Jere Osgood: Modesty and Mastery
Jere Osgood is one of the best craftsmen alive today. And also one of the humblest. He’s been a pathbreaker as a furniture designer, but also as a technical innovator. On top of all that, as a teacher he helped nurture a generation of superb furnituremakers. In this slideshow, he talks about a range of his pieces as well as about his experiences as a student and a teacher.
WORKING WITH CURVES
Straightforward Joinery for Curved Work Jeff Miller demonstrates three basic techniques that are the bridge to more beautiful furniture.
Osgood grew up an only child on Staten Island, and was introduced to woodworking as soon as he could manage the stairs down to his father’s basement shop. His grandfather and his uncles had shops as well, and every family gathering started with a visit to the shop to see who was making what. By the time he was in his early teens, Osgood was repairing antiques for his neighbors and taking his first commissions for building furniture. He remembers delivering a large bookcase he built when he was 14–it was winter and snowy and he had no access to a truck. His conveyance for the piece? His sled.
After studying architecture for several years in college, Osgood decided he would rather make furniture than design buildings. In 1959 he enrolled in the woodworking program at the School for American Craftsmen at Rochester Institute of Technology. There he studied under Tage Frid, the charismatic Danish furnituremaker who would go on to become the most important early contributor to Fine Woodworking. Osgood, reserved and modest but enormously productive and inventive as a furnituremaker even then, had a rocky relationship with Frid, who was his opposite in temperament, gregarious and needling, and who chided Osgood for inventing joinery as he went along.
Osgood set up shop in the early 1960s and by the end of the decade he had begun the experiments with tapered bent lamination and bent stave lamination that enabled him to make the tapered curved legs and curved cabinet carcases that became hallmarks of his style.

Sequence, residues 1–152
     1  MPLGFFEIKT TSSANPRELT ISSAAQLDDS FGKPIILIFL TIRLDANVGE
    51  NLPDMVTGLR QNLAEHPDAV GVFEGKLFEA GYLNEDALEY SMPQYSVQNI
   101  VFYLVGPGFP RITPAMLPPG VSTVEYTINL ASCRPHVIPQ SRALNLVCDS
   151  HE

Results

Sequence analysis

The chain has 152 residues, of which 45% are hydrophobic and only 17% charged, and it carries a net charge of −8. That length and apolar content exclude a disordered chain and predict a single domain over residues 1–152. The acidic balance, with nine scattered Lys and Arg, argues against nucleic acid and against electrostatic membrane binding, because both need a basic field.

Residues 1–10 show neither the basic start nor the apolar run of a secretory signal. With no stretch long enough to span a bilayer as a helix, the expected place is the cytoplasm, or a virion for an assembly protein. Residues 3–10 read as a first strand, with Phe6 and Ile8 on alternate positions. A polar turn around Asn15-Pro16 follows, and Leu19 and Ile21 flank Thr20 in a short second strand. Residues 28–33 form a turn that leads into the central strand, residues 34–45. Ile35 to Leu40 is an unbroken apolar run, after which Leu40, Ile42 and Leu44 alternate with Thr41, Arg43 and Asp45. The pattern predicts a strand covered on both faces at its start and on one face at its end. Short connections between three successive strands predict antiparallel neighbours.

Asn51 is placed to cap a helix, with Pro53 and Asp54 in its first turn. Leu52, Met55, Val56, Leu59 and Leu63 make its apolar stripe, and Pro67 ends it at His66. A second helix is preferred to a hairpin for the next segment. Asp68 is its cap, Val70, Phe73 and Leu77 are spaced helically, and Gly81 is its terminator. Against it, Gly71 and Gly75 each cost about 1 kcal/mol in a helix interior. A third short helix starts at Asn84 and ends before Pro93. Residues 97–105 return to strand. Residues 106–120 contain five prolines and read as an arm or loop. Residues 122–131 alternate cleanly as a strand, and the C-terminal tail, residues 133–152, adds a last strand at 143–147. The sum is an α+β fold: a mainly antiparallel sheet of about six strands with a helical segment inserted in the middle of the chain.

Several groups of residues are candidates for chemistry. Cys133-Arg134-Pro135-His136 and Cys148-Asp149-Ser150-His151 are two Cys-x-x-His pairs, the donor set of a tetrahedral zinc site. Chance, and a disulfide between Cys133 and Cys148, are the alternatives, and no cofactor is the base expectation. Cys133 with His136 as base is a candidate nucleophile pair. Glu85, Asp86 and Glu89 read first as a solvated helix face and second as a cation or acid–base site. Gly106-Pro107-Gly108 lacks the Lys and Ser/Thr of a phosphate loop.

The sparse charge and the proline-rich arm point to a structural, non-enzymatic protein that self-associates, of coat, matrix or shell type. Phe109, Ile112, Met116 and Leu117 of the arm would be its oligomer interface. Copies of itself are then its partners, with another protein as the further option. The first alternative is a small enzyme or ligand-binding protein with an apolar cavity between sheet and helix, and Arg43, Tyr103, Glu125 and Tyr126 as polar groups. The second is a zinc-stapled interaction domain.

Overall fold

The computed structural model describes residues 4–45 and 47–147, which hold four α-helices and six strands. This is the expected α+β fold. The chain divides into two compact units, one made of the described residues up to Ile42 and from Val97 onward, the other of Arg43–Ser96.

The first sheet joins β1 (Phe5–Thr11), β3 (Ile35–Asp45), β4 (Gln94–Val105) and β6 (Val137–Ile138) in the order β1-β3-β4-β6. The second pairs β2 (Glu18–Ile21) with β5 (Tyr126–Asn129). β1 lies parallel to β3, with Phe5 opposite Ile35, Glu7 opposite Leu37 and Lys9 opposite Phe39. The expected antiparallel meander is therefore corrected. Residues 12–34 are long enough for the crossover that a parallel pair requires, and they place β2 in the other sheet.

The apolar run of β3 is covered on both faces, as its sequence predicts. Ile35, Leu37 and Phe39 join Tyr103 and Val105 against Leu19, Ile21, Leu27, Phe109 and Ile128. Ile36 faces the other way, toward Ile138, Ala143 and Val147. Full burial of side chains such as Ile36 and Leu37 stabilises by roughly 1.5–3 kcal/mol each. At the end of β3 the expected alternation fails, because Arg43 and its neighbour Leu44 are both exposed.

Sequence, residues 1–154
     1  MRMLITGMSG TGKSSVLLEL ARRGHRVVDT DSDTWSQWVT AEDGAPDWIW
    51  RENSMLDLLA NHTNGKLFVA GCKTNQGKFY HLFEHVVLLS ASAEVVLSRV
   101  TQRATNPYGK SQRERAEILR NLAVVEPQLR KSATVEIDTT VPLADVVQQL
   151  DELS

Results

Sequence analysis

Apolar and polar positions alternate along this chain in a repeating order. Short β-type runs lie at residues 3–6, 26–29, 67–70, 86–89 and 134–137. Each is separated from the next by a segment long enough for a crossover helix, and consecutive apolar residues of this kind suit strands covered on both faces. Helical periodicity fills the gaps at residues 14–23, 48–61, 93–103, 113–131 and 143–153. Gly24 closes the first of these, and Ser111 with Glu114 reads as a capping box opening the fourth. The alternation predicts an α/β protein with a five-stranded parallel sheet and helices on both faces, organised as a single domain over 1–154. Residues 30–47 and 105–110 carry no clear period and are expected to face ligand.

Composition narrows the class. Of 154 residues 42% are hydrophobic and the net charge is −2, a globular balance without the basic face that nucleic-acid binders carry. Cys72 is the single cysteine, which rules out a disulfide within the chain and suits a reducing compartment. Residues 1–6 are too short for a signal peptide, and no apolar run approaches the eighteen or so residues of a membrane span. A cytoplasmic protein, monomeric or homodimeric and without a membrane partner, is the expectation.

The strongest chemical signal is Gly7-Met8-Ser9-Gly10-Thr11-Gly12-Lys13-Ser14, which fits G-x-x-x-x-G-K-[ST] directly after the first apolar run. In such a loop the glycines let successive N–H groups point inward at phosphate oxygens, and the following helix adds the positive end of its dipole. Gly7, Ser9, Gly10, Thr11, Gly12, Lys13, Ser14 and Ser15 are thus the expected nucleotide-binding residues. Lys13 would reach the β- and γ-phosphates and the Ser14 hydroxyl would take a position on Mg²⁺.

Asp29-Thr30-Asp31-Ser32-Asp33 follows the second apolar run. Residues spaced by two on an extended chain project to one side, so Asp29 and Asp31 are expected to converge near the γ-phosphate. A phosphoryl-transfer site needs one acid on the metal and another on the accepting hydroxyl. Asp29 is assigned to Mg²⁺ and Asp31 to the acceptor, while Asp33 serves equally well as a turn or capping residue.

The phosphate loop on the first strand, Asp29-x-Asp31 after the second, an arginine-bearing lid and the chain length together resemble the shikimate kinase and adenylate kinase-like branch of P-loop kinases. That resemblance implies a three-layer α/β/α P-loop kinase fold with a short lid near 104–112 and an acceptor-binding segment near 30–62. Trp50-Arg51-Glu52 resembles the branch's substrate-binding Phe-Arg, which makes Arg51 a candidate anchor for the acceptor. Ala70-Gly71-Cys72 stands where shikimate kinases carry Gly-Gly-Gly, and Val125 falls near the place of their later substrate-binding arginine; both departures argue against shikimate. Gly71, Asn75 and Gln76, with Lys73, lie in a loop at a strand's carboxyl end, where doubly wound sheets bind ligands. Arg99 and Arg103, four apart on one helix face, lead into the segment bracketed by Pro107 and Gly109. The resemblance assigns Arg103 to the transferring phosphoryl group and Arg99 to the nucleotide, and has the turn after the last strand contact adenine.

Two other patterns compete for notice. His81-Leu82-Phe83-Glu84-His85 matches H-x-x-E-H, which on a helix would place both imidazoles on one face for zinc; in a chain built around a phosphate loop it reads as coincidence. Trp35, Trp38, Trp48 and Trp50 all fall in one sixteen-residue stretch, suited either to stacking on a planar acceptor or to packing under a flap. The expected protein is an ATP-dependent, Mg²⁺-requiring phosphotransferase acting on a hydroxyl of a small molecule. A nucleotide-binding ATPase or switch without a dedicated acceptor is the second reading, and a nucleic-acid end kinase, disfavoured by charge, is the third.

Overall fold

Osgood’s career as a teacher began with weekly classes at the Craft Student’s League in New York City. He then taught for one year at the Philadelphia College of Art, for three at his alma mater, Rochester Institute of Technology, and for ten years at the storied Program in Artisanry at Boston University. For the past 25 years he has been giving occasional lectures and workshops but mainly just working away in the shop attached to his house in rural New Hampshire.
More Masters of the Craft Slideshows
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• Adrian McCurdy: Furniture Riven from the Log
• Geoffrey Warner: Assembling a Life
• Peter Shepard Turns the Page
• Curve It Like König
• Partners in Craft: Harold Wood and John O’Brien
• Tool Chest with an Arts & Crafts Legacy
• Adrian Potter: Thinking Furniture
• Hank Gilpin: Exploring the American Forest
• Doug Mooberry: Kinloch Woodworking
• Michael Hurwitz: Planks into Poetry
• Brad Smith: Story of a Stool
• Hank Holzer and Judith Ames: Labor of Love
• Michael Fortune: The Clever Chair
• John Cameron: A Musician in the Woodshop
• Allan Breed: The Past Recaptured
• Kintaro Yazawa: Joint Wizardry
• Grant Vaughan: Subtropical Virtuoso
• William R. Robertson: Micro Maestro
"The chair has to be approached as an engineering project...I don't feel that's a hinderance. It's a big adventure."
Jere Osgood at work in his shop.